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I just read a piece with advice on growing traffic to your website. It was written by the editor of a leading magazine. A magazine that already generates significant traffic. And the site has a link to her blog. I know that the editor is only trying to help readers, but her advice on how to grow your site’s traffic is B.S. Why?

 She is blogging for a site that already gets traffic!!!

Now this editor does have a personal site that is separate from her publication’s blog, but guess what… the publication’s blog has a static link to her personal blog! And, even without that link, people would still go to her site because she has a platform! She is the editor of a leading magazine!!

This type of advice can be very frustrating. Why? You’re doing everything the person said to do and you’re still only getting fifty views a day and you’re wondering why.

Generating traffic from scratch when you’re unknown is THE hard part. If you follow advice given to you by someone who has a platform and whose site is already getting tons of traffic, you will only get disappointed.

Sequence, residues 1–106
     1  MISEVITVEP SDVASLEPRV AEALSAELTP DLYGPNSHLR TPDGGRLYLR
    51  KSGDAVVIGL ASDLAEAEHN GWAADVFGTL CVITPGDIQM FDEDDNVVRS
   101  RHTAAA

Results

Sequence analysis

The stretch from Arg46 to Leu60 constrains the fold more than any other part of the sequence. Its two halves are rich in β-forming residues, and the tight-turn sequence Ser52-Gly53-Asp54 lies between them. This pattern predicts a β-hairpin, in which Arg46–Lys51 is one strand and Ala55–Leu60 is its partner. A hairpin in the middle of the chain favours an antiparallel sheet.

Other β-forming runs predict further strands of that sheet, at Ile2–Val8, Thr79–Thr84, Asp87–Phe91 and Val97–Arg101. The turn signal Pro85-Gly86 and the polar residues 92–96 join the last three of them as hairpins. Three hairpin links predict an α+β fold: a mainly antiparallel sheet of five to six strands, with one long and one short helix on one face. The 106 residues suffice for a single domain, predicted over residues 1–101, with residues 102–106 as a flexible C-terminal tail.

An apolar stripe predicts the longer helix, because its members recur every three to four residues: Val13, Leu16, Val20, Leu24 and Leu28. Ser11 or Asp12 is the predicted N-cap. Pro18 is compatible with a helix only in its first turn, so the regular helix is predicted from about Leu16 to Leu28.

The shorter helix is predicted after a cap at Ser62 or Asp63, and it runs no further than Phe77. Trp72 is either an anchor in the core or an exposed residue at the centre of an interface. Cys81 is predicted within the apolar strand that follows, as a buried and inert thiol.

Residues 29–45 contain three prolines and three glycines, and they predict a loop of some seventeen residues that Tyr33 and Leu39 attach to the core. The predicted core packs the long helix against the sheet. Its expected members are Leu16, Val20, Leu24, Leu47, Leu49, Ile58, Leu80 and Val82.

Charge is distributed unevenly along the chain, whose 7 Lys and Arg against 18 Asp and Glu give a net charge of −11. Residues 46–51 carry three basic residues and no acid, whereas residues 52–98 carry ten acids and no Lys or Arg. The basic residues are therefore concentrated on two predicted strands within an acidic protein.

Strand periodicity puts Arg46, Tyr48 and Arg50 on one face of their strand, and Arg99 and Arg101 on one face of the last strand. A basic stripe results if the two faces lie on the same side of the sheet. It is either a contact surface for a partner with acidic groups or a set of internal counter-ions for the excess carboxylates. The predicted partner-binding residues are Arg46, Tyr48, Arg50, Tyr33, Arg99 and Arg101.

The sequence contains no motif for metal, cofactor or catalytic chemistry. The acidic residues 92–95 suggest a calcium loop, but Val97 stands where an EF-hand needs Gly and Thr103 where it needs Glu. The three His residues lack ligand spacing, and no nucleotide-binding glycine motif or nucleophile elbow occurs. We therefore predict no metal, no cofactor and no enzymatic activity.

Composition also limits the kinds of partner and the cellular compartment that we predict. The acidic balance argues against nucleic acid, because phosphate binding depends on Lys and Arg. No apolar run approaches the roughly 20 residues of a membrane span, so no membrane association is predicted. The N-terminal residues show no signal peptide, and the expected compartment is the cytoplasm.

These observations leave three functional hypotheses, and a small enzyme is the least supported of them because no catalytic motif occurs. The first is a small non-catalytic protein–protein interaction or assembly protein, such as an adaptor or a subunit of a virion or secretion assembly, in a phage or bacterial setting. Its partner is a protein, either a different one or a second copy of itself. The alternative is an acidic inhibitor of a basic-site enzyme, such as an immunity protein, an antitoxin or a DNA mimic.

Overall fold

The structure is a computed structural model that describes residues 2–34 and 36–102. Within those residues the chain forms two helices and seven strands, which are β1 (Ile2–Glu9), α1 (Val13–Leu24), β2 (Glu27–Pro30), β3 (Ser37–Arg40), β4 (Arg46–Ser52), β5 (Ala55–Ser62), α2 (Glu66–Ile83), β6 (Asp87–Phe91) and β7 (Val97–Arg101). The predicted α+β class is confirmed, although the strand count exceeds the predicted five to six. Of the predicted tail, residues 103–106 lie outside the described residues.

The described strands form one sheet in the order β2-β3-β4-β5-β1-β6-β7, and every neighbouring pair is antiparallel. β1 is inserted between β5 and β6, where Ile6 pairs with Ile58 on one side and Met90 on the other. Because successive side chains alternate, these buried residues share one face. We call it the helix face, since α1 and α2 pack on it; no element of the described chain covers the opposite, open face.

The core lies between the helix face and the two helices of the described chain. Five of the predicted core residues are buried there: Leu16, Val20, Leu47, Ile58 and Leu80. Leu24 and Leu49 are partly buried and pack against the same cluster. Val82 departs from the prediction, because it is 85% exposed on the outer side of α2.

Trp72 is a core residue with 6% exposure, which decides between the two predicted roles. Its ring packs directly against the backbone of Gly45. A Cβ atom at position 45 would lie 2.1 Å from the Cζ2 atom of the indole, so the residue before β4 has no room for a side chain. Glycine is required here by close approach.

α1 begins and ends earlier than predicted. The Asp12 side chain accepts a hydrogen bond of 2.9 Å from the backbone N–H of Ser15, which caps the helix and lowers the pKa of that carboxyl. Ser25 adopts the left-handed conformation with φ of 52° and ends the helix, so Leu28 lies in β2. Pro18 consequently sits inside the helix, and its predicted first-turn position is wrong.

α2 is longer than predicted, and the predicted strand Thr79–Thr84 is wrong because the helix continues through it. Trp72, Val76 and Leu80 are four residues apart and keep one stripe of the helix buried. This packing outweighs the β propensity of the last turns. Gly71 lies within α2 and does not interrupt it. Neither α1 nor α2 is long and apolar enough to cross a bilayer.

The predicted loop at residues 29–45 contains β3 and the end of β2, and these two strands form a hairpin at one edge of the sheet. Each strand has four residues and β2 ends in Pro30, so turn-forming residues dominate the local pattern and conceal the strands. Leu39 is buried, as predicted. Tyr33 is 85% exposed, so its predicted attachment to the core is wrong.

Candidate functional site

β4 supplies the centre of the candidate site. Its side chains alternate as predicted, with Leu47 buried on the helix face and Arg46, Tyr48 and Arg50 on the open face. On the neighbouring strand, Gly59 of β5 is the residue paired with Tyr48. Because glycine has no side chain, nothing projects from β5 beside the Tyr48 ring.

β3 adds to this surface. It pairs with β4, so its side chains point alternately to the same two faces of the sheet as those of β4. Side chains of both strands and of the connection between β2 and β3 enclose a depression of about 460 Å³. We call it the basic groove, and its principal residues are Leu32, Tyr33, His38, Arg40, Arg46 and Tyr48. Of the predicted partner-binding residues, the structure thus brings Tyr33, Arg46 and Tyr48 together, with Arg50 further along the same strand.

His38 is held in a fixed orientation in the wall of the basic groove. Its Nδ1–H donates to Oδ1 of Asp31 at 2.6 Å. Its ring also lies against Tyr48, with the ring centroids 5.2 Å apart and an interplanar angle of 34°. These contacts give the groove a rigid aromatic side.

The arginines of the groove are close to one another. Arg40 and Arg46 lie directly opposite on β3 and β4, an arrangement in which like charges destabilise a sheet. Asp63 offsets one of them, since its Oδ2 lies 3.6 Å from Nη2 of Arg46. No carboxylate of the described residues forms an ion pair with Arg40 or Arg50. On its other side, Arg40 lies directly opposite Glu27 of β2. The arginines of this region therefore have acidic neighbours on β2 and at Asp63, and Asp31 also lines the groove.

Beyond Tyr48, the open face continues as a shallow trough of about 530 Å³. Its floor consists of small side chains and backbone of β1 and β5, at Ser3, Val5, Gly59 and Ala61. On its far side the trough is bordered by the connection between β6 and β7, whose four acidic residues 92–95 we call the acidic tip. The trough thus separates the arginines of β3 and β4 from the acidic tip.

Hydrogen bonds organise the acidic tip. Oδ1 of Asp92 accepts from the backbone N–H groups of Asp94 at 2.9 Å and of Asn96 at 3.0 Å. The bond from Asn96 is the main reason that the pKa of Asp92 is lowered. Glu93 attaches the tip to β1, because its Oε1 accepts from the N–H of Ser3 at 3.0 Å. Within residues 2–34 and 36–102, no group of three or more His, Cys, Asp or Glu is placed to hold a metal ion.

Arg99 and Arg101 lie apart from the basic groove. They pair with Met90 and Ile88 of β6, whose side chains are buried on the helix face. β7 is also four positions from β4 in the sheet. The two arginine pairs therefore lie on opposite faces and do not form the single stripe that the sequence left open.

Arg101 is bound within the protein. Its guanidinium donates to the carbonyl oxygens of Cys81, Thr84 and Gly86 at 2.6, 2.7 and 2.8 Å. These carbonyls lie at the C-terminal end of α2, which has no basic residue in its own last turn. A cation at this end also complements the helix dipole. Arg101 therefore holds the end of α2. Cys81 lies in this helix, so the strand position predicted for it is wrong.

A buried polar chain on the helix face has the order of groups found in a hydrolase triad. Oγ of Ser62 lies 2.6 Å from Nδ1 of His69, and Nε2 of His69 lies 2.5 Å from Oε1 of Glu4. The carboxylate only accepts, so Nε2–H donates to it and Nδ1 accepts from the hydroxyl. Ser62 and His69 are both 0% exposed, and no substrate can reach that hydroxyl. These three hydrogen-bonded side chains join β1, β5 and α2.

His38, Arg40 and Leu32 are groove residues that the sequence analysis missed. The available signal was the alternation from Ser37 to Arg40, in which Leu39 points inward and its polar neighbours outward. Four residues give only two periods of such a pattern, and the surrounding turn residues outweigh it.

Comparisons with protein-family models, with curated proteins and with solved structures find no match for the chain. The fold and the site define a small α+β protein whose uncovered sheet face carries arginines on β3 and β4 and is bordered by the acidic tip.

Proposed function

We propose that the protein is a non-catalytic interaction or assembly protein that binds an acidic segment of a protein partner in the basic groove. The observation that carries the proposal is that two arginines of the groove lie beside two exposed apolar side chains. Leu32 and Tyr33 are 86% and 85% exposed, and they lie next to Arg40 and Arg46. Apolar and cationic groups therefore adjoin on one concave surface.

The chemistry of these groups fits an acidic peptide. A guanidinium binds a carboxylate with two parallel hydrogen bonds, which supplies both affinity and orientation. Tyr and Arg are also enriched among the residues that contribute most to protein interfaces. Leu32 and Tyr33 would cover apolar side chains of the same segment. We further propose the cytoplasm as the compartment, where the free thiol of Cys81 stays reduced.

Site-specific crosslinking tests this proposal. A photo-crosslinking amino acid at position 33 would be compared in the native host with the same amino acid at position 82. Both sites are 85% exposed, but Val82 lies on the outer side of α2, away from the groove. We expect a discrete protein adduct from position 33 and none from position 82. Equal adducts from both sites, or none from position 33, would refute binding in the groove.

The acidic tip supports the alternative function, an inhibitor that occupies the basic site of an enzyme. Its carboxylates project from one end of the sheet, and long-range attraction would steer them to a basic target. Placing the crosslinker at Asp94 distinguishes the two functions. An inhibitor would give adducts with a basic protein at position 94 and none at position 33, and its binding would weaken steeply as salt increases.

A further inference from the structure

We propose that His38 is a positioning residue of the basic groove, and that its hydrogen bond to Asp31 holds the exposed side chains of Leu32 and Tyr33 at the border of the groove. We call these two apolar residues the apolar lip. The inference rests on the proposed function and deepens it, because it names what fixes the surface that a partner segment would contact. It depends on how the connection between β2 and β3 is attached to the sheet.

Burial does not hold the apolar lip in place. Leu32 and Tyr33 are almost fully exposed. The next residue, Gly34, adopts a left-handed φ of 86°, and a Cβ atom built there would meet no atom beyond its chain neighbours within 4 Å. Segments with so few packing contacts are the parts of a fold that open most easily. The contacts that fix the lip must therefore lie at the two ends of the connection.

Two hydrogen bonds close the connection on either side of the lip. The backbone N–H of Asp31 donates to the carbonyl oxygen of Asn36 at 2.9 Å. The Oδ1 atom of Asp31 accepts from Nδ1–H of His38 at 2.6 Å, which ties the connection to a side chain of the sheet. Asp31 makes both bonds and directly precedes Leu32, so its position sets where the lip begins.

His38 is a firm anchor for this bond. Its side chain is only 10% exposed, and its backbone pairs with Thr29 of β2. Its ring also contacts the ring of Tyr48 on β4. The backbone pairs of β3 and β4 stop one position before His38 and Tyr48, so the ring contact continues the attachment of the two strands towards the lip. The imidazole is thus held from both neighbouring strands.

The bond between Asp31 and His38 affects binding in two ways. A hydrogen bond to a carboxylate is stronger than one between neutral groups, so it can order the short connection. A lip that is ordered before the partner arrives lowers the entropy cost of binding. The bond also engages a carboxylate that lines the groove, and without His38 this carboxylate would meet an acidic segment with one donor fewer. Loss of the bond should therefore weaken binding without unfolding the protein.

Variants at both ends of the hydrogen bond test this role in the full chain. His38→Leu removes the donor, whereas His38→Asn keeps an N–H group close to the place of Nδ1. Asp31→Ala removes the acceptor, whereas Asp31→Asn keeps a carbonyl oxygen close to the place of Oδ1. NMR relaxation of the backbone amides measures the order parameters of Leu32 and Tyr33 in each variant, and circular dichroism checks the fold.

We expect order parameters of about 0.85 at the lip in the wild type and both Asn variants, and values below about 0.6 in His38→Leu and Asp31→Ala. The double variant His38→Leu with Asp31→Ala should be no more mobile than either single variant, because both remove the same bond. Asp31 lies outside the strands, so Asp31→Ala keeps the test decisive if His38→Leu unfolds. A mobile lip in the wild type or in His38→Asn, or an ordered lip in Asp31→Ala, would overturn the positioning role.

A person with a platform advising you on how to get traffic to your site, without first telling you how to build your platform, is full of B.S. Okay… Maybe I shouldn’t say that she is full of B.S., but her advice is.   

And when you’re blogging on a site that gets traffic, to get your share of the traffic, all you have to do is come up with a title that gets people’s attention. I know because I blogged on The Huffington Post and Chief Marketer’s Big Fat Marketing Blog. When I started my own blogs, if I had expected to get the same traffic I was getting on those sites, I would have been depressed. Let me put it this way…

If a site is getting tons of traffic and you create a blog for your cat on that site, people will click on it just to see what it’s about. Now if people find your cat’s blog entertaining, your cat will continue to get tons of traffic. And if you then open a Twitter account for your cat, people will follow her. And if you make a fan page for your cat, people will “like” her. Why?

Because the hard part, generating traffic to the site, was handled!

Do you understand what I’m saying? Does this make sense?

If you want advice on how to grow your traffic, take it from someone who was actually in your current situation. If you’re an unknown and you’re getting ten visits a day, get advice from someone who was unknown, didn’t have a platform, and still grew her site traffic from ten to 10,000. Don’t get advice from someone who has a platform and who writes for a site that is already drawing thousands of readers.